Windhand unleash spooky doom metal on awesome debut album

Not sure how the winds feels where you happen to be right now, but it’s getting awfully chilly here. Leaves are dying and slowly journeying to the ground, heavier clothing is necessary and the spookiest of times are upon us. That, quite obviously, makes it a fantastic time for more doom metal since it fits the season so perfectly.

So on this dark, cold afternoon, we shall discuss the debut full-length from Virginia stoner/doom lurkers Windhand. Before this debut record, all they had on their resume since forming in 2008 was a two-track demo that includes versions of two of the cuts found on this self-titled opus, but for a band with such a small canon of material, they show enormous potential. And yeah, as Halloween closes in, their music will make a splendid soundtrack to an evening of passing out candy to miserable children and then retiring to the living room to have some treats (probably of the liquid variety) of your own.

There are a ton of comparison points that can be made to Windhand’s music: Electric Wizard, Blood Ceremony, the Devil’s Blood, Black Sabbath. The music is packed with riffy goodness and pulverizing, slow-driven madness, and Dorthia Cottrell’s vocals standing as a major selling point for the band. She’s deep, gritty and soulful, and her voice is impossible not to ignore. You’ll find yourself heeding to her call at every moment. One complaint I have production-wise, though, is that Cottrell’s voice is kind of buried in the mix. I think this record would sound even better if her singing got to rise above the murk and take the leading role it deserves, but perhaps this is all by design. I’ll have to hear this on vinyl because maybe Cottrell’s voice will pop out a little more in the format.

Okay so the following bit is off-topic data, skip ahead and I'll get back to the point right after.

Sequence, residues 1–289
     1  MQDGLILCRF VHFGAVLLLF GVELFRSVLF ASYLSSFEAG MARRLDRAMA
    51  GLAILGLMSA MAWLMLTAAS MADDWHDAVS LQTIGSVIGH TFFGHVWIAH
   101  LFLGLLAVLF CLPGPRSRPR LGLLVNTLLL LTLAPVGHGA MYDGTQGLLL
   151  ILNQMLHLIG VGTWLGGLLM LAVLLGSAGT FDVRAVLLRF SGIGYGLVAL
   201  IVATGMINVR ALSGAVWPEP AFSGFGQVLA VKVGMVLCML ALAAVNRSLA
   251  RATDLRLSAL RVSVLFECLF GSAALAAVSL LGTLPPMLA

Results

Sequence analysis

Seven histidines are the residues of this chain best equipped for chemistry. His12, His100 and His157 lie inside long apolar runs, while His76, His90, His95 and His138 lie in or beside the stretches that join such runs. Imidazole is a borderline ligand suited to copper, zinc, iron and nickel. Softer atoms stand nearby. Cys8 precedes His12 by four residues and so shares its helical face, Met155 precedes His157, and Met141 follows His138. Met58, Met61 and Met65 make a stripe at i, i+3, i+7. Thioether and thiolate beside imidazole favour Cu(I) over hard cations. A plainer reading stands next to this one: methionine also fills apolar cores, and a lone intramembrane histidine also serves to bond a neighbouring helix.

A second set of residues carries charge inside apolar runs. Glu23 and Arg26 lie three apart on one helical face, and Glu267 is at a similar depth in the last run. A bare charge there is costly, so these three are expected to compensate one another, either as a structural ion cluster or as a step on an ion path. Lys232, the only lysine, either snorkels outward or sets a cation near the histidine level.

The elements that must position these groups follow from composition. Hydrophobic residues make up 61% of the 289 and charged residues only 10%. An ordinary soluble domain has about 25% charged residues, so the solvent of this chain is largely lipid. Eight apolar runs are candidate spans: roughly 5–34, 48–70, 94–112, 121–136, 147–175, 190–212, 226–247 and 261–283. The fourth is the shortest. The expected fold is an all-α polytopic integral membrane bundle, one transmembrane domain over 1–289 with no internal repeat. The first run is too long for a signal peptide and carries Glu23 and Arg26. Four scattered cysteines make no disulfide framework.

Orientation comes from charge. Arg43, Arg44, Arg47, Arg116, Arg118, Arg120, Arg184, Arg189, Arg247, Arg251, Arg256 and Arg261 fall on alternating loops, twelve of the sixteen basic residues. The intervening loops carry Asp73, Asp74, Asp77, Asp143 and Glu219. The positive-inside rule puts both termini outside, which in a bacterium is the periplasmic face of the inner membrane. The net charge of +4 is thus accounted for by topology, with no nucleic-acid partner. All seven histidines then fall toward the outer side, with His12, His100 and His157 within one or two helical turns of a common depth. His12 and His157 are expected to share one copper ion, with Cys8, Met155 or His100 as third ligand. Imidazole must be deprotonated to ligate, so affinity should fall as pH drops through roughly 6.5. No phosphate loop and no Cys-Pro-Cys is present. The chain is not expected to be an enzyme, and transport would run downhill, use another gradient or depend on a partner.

The opening cut on the album is called “Black Candles,” and really, that’s a fixture that would be awfully fitting while hearing this monstrous, blood-caked album. The song begins and ends with a thunderstorm (in fact, the first three cuts on the album are awash in heavy rain when they start), and there’s doomy riff upon doomy riff, as well as some scintillating, bluesy guitar soloing. “Libusen” has mainly the same structure, as the band drubs you with a calculating, suffocating pace, as Cottrell warns, “You better run.” “Heap Wolves” finds Cottrell digging into a grittier, yet still soaring register, while guitarists Garrett Morris and Asechiah Bogdan set fire to everything. The two closing epics change the pace a little bit, as “Summon the Moon” manages to grind the tempo to an even slower, more violent pace, and closer “Winter Sun” lets the band simmer in drone and noise haze, chewier riffing, and even some harsh growls come the song’s conclusion. It’s an awesome ending to this album and makes me wonder if their next record will have more of these elements packed into it. I kind of hope so.

Windhand, if they maintain this intensity, could be part of the next wave of awesome doom-infested bands alongside Cough, The Wounded Kings, Aldebaran and Anhedonist, just to throw out some examples. They have an awesome grasp on how to make doom both glorious and sooty, their guitar work is a thrill to hear, and Cottrell is an up-and-coming singer who I think will be a household name for metal fans within a few years. This first album is strong document that, even with some flaws, appears to indicate this band has enormous upside and will be a horrific force well into the future.

For more on the band, go here:

To buy the album, go here (pre-order is not up yet, but Forcefield said it will be soon):

For more on the label, go here: